A conventional CMP step may be applied to remove excess metal from the structure after creating silicide 107—dielectric layer 106 serving as a polish stop. Silicide 107 may serve as a fully silicided gate electrode that is suitable for use as a fully silicided PMOS gate electrode or a fully silicided NMOS gate electrode. Whether silicide 107 may serve as a fully silicided PMOS gate electrode or a fully silicided NMOS gate electrode may depend upon the doping treatment polysilicon layer 103 received, the metal used to generate the silicide, and the process for creating it. In some embodiments, the process of the present invention may be used to generate a CMOS device that includes both fully silicided PMOS and fully silicided NMOS gate electrodes.

The presence of barrier layer 102 between high-k gate dielectric layer 101 and fully silicided gate electrode 107 may prevent undesirable interaction between the gate electrode and the dielectric, which may cause Fermi level pinning. As a result, the process of the present invention may enable a device with both a fully silicided gate electrode and a high-k gate dielectric that does not demonstrate an undesirably high threshold voltage.

FIGS. 2 a-2 d illustrate structures that may be formed, when carrying out a second embodiment of the method of the present invention. In this embodiment, a CMOS device is formed that includes a metal NMOS gate electrode and a fully silicided PMOS gate electrode. FIG. 2 a represents an intermediate structure that may be formed when making a CMOS device. That structure includes first part 201 and second part 202 of substrate 200. Isolation region 203 separates first part 201 from second part 202. High-k gate dielectric layer 205 is formed on substrate 200, and barrier layer 207 is formed on high-k gate dielectric layer 205. A polysilicon layer is formed on barrier layer 207. First part 204 of that polysilicon layer is bracketed by a pair of sidewall spacers 208 and 209, and second part 206 of that polysilicon layer is bracketed by a pair of sidewall spacers 210 and 211. Dielectric 212 lies next to the sidewall spacers.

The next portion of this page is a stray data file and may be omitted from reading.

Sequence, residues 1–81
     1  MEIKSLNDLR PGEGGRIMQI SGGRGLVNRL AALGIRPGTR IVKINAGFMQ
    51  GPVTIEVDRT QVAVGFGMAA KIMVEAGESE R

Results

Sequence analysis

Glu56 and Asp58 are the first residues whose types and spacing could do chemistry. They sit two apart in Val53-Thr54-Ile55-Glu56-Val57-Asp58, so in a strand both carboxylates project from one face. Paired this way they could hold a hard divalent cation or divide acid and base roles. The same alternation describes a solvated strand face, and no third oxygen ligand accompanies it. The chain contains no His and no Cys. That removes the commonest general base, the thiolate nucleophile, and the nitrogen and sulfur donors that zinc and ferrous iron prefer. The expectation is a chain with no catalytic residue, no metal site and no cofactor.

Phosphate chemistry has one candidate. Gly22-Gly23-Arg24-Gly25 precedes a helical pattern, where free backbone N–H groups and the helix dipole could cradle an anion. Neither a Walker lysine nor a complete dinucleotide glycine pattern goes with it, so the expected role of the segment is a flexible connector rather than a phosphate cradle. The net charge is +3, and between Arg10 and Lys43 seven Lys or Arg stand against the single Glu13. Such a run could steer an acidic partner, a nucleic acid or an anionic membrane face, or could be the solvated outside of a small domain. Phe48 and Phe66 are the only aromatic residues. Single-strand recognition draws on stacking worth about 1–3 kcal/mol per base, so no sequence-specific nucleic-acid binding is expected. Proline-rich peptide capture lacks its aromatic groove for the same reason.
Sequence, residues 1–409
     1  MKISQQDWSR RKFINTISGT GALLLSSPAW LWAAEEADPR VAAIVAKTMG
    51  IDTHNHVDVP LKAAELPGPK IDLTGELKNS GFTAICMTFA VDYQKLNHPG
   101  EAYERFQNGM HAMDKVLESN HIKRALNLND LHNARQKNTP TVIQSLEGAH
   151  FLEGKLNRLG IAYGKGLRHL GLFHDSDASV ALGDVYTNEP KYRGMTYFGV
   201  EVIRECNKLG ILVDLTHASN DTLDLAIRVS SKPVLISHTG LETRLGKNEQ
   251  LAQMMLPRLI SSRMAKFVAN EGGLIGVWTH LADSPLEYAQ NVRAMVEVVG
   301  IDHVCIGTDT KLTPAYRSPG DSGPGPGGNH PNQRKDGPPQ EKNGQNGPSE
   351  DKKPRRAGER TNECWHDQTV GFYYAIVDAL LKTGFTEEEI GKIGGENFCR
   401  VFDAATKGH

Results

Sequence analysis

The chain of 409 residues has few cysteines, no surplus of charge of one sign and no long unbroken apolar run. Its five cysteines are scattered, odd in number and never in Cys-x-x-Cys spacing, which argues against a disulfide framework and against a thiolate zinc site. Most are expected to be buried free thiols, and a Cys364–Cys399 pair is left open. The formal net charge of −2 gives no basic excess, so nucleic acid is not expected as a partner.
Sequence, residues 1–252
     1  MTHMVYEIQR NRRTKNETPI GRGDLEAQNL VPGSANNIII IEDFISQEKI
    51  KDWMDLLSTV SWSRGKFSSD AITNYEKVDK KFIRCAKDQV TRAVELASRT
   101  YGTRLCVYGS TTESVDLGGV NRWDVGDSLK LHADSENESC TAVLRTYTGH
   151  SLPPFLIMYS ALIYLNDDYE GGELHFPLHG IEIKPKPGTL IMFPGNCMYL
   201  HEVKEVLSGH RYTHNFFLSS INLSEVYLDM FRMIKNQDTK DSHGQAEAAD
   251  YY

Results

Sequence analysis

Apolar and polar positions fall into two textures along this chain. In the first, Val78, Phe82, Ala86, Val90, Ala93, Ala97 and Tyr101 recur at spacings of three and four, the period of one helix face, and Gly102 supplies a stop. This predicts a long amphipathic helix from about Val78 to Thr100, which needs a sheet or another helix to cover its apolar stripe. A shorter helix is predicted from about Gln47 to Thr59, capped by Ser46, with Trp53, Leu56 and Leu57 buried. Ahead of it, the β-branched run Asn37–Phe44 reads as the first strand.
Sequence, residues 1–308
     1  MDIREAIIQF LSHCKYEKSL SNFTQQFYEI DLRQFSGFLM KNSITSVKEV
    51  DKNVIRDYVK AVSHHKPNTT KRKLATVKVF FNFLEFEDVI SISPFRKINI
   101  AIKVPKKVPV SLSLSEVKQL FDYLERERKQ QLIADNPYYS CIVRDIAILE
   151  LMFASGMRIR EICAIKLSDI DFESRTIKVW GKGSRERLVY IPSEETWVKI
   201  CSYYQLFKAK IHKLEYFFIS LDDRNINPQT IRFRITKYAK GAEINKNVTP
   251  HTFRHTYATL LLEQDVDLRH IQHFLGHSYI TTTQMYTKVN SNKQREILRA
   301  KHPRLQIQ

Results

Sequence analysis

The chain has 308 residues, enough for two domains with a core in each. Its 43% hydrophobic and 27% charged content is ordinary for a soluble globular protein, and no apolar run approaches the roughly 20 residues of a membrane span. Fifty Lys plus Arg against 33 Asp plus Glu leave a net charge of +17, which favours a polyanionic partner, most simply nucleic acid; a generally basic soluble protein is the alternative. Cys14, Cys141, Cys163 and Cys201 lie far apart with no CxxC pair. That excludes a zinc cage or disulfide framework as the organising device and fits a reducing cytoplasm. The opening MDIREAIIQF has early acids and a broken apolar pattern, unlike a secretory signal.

Substrate 200 may comprise any material that may serve as a foundation upon which a semiconductor device may be built. Isolation region 203 may comprise silicon dioxide, or other materials that may separate the transistor's active regions. High-k gate dielectric layer 205 and barrier layer 207 may comprise any of the materials identified above, and may be formed using conventional processes, as described above. First and second parts 204 and 206 of the polysilicon layer preferably are each between about 100 and about 2,000 angstroms thick, and more preferably are between about 500 and about 1,600 angstroms thick.

First part 204 may be undoped or doped with arsenic, phosphorus or another n-type material. In a preferred embodiment, first part 204 is doped n-type while second part 206 is doped p-type, e.g., by doping second part 206 with boron. When doped with boron, p-type polysilicon layer 206 should include that element at a sufficient concentration to ensure that a subsequent wet etch process, for removing first part 204, will not remove a significant amount of p-type polysilicon layer 206. Spacers 208, 209, 210, and 211 preferably comprise silicon nitride, while dielectric 212 may comprise silicon dioxide, or a low-K material.

Conventional process steps, materials, and equipment may be used to generate the FIG. 2 a structure, as will be apparent to those skilled in the art. As shown, dielectric 212 may be polished back, e.g., via a conventional CMP operation, to expose first and second parts 204 and 206 of the polysilicon layer. Although not shown, the FIG. 2 a structure may include many other features (e.g., a silicon nitride etch stop layer, source and drain regions, and one or more buffer layers) that may be formed using conventional processes.

After forming the FIG. 2 a structure, first part 204 may be removed. In a preferred embodiment, first part 204 is removed by applying a wet etch process that is selective for first part 204 over p-type polysilicon layer 206 to remove first part 204 without removing significant portions of p-type polysilicon layer 206. Such a wet etch process may comprise exposing first part 204 to an aqueous solution that comprises a source of hydroxide for a sufficient time at a sufficient temperature to remove substantially all of part 204. That source of hydroxide may comprise between about 2 and about 30 percent ammonium hydroxide or a tetraalkyl ammonium hydroxide, e.g., tetramethyl ammonium hydroxide (“TMAH”), by volume in deionized water.

For example, first part 204 may be selectively removed by exposing it to a solution, which is maintained at a temperature between about 15° C. and about 90° C. (and preferably below about 40° C.), that comprises between about 2 and about 30 percent ammonium hydroxide by volume in deionized water. During that exposure step, which preferably lasts at least one minute, it may be desirable to apply sonic energy at a frequency of between about 10 KHz and about 2,000 KHz, while dissipating at between about 1 and about 10 watts/cm2.